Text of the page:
From a tactical perspective, procuring Mario Balotelli would greatly strengthen an already powerful Ghana side for the World Cup, while Italy (who could surely benefit from his services but appear unlikely to do so) probably isn’t as desperate for a top striker by next June. Ghana’s actions open up the debate for what exactly constitutes a national team player. Even though they are acting within the rules, should Ghana’s actions be accepted in world football? The United States has been involved in similar cases in recent years, most notably with Freddy Adu, Jose Francisco Torres, and Giuseppe Rossi.
Here is an interesting article on the World Cup draw “show” and match-ups hosted by Theron. It was funny how the article mentions, “The only uncomfortable moment came when Blatter forgot the venue of the World Cup’s first match (which, of course, is Johannesburg). The FIFA president redeemed himself, however, when he announced that the World Cup trophy would remain in Africa, as a gift, after being presented to the tournament winners.”
The article then goes on to say, “FIFA’s desire to leave a legacy on the continent was further underlined by a video presentation that announced investment of more than $40 million in African soccer projects. They might have been better off spending the money on security.” This brings us back to our conversation on infrastructure projects in South Africa and the true functions for which they are being constructed, as well as their legacies after the event ends. The article seems to have a rather disdainful attitude on all the money spend on the stadiums and venues when there is poverty knocking nearby.
I’d be interested in seeing how the television rights holders plan on portraying this South African poverty considering that they are “anticipating record audiences.” If they plan on doing background stories on certain players or teams, like ESPN often does, I would hope that they would include a commentary on the social conditions in South Africa as well.
In the early days of the World Cup draw, in the 1930s, organizers from FIFA gathered around a table and drew lots from a hat. Once it was Jules Rimet’s grandson Yves who got the job of picking the lots. Until relatively recently, the draw still consisted of men in suits from FIFA doing the honors. Call me a traditionalist, but I sort of wish we still used the same system, and that FIFA didn’t feel the need to make picking balls out of bowls look like the Academy Awards. Even if it took a long time before we actually got to it, and even if I’d personally pick Rimet’s grandson or pretty much any other little kid over Charlize Theron and David Beckham for the job of overseeing the whole business, the essential is accomplished: we can now start the sixth-month process of worrying, predicting, and hoping as we await the kickoff of the World Cup in late June.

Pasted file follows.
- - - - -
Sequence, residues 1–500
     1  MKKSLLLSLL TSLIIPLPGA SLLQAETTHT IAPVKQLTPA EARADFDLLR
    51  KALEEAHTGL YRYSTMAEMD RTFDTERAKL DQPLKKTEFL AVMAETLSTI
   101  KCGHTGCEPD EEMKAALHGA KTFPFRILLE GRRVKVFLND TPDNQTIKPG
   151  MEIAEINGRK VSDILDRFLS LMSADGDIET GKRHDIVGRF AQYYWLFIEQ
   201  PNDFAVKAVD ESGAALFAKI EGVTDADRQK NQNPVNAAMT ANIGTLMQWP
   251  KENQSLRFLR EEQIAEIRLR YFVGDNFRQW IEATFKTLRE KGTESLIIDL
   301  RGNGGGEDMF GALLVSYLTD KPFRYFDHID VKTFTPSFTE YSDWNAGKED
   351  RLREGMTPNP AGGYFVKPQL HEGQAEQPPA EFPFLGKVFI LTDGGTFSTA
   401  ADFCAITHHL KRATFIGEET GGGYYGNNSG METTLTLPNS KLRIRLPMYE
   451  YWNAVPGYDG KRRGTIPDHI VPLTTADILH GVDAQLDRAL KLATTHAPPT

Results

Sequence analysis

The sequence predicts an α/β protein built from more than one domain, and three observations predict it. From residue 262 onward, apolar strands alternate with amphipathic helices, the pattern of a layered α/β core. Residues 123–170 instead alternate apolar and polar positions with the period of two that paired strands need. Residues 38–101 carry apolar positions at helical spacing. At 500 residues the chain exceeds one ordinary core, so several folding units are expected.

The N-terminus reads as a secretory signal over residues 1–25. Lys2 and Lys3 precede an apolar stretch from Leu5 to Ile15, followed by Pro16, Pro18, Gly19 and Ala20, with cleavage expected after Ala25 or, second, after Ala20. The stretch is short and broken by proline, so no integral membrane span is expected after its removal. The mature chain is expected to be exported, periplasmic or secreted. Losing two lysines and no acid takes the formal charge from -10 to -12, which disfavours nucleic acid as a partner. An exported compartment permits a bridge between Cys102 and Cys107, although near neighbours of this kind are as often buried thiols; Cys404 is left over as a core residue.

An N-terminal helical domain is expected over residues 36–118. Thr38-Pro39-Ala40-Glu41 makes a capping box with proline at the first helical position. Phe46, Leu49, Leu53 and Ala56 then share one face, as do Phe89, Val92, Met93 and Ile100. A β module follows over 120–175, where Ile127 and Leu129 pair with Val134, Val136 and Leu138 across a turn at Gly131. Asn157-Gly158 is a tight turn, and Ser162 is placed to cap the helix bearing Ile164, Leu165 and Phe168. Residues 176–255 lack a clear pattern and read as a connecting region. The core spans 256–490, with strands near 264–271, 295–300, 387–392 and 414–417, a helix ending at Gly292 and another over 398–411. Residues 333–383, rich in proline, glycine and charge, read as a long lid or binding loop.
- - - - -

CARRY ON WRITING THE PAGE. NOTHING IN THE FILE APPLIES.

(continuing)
I participated in a conversation as part of Duke’s online office hours just before the actual draw began, which you can see here. I also published an op-ed here in the Durham Herald Sun about the draw today. I’ll publish another in the newspaper about soccer in the U.S. next week. Both were done before I actually knew the outcome, so here’s a few additional reactions:
First, the obvious: The Brazil-Portugal match up, as well as the Brazil-Ivory Coast games, will be wonderful early matches.
France lucked out, in a way, and there will be a consolation for me at least if the team, rather than redeeming itself as it needs to after the past several months, self-destructs in the early stages of the World Cup: that will help South Africa progress, which I very much hope it does.
Good news for the U.S., of course, and the match-up with England will certainly be an early highlight of the tournament. The general reaction in both England and the U.S. to being in a group with Algeria, however, was a little unseemly, and probably a bit too confident, as one journalist in Algeria has cheekily pointed out. Algeria beat Germany in 1982, only to be pushed out of the tournament through the famous and despicable collusion between Germany and Austria during the final group game, and I hope they get a chance to move on in the tournament this year, ideally along with the U.S. from that group.
In general, the African teams got a rough draw. We should all begin send pleas and prayers to whatever higher powers we think will help to ensure that a reasonable number of them nevertheless get through to the round of 16. If I have to watch an Italy-Germany final, or indeed if we end up with eight teams in the quarter-finals that make the World Cup into the European Cup plus Brazil, I’m swearing off football for life and turning to golf.
I’m counting on the fickle football gods to provide us with something different this year. Football needs it.